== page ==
Israeli-American Gamida hits goal in phase 3 blood cancer trial

The company uses umbilical cord blood, which like bone marrow and peripheral blood, is a rich source of stem cells for transplantation.

Red blood cells (illustrative) (photo credit: Wikimedia Commons)
Red blood cells (illustrative)
(photo credit: Wikimedia Commons)
The Israeli-American company Gamida Cell Ltd. this week announced positive topline results from its Phase 3 clinical study evaluating the safety and efficacy of an investigatory advanced cell therapy, known as Omidubicel, which could be a potential life-saving treatment option for blood cancer patients in need of bone marrow transplant.
It is the first bone marrow transplant product to receive “Breakthrough Therapy Designation” from the US Food and Drug Administration, and according to its CEO Dr. Julian Adams, it has the potential to be the first FDA-approved bone marrow transplant graft.
Adams said that the company expects to begin submitting its biologics license application for Omidubicel to the FDA on a rolling basis in the fourth quarter of this year.
“We are very pleased with the results of the Phase 3 data reported, which moves us one step closer toward bringing potentially curative therapies to patients,” he said. “By the second half of 2021, Omidubicel could actually be available.”
The study specifically showed that the median time to neutrophil engraftment was 12 days for patients randomized to Omidubicel compared to 22 days for the comparator group. Neutrophil engraftment is a measure of how quickly the stem cells a patient receives in a transplant are established and begin to make healthy new cells.
Adams said that rapid neutrophil engraftment is associated with reconstituting the immune system more rapidly and allowing patients to leave the hospital sooner. He said every day immunocompromised patients are in the hospital they are at greater risk for infection and other complications.
Julian Adams / Credit: CourtesyJulian Adams / Credit: Courtesy
The company uses umbilical cord blood, which like bone marrow and peripheral blood, is a rich source of stem cells for transplantation. For some patients, there may be advantages to having a cord blood stem cell transplant instead of a transplant with marrow or peripheral blood stem cells. However, Adams said that even though for 30 years the value of this cord blood was known, many times there were simply not enough donor cells. The Omidubicel technology expands the cells 30 to 50 fold to make a dose that can be administered to adults. This, he said, “solves the ability to reach those patients who cannot find adult genetically matched donors.”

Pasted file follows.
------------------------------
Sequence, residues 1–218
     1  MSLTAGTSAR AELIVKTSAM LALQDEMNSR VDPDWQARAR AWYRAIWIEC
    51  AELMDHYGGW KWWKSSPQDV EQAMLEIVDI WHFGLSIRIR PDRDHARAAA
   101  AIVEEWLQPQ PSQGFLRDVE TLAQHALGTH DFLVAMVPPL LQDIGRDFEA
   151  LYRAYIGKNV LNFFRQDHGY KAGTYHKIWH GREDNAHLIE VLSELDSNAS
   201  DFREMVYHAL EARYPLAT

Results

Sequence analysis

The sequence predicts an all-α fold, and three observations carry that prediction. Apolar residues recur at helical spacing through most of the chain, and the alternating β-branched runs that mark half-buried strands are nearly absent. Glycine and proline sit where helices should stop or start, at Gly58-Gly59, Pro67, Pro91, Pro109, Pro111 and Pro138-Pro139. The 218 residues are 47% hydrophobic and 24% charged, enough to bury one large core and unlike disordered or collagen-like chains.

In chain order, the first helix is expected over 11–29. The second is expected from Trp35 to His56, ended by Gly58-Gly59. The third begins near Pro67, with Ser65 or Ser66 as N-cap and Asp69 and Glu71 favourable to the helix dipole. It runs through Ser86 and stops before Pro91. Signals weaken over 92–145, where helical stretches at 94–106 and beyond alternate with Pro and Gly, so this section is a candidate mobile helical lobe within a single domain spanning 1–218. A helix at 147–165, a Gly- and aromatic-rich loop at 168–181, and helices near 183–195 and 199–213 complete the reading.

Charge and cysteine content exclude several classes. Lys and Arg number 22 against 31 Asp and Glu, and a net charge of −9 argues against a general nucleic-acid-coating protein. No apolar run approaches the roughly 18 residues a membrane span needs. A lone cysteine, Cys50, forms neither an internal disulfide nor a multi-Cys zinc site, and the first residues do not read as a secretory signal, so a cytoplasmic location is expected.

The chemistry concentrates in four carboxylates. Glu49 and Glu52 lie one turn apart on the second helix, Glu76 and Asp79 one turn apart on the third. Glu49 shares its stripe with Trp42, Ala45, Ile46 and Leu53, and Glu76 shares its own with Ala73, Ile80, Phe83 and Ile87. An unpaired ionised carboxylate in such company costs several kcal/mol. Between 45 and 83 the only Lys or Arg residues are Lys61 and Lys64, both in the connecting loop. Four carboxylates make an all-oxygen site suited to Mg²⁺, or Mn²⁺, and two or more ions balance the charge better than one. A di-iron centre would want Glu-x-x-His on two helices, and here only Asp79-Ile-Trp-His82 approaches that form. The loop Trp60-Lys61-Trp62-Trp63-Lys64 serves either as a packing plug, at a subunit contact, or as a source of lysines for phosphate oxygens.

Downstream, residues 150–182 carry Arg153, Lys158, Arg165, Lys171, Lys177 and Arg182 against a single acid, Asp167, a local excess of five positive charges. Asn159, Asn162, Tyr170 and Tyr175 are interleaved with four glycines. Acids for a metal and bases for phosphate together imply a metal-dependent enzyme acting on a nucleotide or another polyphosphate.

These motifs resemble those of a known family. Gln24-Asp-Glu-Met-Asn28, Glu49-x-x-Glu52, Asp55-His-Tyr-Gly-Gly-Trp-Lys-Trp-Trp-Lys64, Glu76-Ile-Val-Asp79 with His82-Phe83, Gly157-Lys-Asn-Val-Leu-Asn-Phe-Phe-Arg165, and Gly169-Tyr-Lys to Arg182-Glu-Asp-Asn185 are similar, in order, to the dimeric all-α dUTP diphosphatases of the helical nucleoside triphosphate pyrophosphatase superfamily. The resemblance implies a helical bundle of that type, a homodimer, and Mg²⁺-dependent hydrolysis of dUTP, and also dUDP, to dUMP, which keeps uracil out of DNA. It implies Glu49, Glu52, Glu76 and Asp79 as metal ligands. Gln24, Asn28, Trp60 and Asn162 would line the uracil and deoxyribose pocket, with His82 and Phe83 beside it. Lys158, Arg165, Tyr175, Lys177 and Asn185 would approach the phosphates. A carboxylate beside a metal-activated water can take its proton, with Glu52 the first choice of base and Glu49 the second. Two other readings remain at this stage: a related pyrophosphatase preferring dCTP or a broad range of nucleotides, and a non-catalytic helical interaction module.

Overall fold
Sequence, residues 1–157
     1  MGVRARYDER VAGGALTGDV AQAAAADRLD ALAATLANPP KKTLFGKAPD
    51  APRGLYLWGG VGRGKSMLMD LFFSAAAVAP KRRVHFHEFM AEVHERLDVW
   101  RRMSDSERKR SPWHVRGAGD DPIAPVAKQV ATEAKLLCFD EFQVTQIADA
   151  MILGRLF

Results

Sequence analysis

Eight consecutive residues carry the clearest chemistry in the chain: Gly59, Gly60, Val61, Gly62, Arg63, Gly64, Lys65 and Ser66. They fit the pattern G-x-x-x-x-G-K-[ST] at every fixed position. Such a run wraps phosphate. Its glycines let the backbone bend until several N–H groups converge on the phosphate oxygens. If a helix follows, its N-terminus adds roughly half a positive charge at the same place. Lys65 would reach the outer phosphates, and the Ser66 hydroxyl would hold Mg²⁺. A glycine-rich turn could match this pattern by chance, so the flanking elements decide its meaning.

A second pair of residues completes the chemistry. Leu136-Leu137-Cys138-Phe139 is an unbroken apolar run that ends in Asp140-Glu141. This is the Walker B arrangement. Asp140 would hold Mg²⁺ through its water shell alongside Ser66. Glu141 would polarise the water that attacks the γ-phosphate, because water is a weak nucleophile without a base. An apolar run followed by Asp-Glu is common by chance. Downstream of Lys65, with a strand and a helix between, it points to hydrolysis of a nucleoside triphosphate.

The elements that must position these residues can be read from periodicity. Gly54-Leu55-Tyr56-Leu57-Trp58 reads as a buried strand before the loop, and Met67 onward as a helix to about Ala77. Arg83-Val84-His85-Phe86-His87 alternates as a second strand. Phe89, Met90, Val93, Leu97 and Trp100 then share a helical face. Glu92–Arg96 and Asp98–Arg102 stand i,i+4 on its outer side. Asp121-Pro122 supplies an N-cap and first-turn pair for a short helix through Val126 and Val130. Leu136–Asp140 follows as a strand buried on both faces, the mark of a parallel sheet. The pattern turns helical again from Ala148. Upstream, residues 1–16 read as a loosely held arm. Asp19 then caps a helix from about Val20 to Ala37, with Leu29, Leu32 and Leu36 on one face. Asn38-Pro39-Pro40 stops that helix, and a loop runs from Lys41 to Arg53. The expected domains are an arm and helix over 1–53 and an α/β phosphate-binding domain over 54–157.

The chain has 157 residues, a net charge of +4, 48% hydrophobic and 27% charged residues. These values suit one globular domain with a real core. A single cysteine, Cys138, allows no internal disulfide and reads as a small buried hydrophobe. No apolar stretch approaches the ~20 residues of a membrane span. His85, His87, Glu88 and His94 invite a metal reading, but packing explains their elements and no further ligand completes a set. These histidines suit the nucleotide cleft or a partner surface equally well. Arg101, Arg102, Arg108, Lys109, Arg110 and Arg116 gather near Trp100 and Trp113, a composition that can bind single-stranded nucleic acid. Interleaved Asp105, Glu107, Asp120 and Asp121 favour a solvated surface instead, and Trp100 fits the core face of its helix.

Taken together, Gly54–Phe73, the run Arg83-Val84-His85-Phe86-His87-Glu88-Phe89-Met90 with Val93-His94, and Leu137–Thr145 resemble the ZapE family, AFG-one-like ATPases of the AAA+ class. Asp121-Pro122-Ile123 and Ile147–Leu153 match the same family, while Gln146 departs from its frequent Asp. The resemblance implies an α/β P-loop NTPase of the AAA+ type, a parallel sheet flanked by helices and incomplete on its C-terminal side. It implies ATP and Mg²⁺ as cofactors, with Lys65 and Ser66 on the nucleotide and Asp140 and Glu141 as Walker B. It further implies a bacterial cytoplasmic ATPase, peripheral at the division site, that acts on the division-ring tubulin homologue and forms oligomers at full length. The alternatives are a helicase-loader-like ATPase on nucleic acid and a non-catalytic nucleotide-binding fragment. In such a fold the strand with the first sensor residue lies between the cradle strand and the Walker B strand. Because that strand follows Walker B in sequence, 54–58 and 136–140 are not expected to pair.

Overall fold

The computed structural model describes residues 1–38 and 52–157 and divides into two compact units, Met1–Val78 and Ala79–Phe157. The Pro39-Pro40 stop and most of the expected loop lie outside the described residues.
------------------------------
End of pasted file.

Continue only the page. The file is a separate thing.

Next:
Stem cell transplants are in high demand, with over 30,000 individuals in line for the procedure each year. It is estimated that between 40% and 70% of patients cannot find a matching donor and in some cases this lack of treatment can be fatal.
Cord blood banking helps to alleviate this issue, as their storage facilities make cord blood readily available for those in need. Moreover, in cord blood stem cell transplants, the donor and recipient can be mismatched making it a lot easier to find a donor.
Omidubicel is intended to address the current limitations of bone marrow transplant by providing a therapeutic dose of stem cells while preserving the cells’ functional therapeutic characteristics.
The international, multi-center, randomized Phase 3 study was designed to evaluate the safety and efficacy of Omidubicel in patients with high-risk hematologic malignancies undergoing a bone marrow transplant compared to a comparator group of patients who received a standard umbilical cord blood transplant. The primary endpoint was time to neutrophil engraftment. Some 125 people with various forms of blood cancer between the ages of 12 and 65 participated.
The study showed that patients treated with omidubicel demonstrated more rapid neutrophil engraftment.
“These results have the potential to substantially move the field forward,” said Dr. Mitchell Horwitz, principal investigator and professor of medicine at the Duke Cancer Institute, “and represent an important step toward making stem cell transplantation more accessible and more successful for patients with lethal blood cancers.”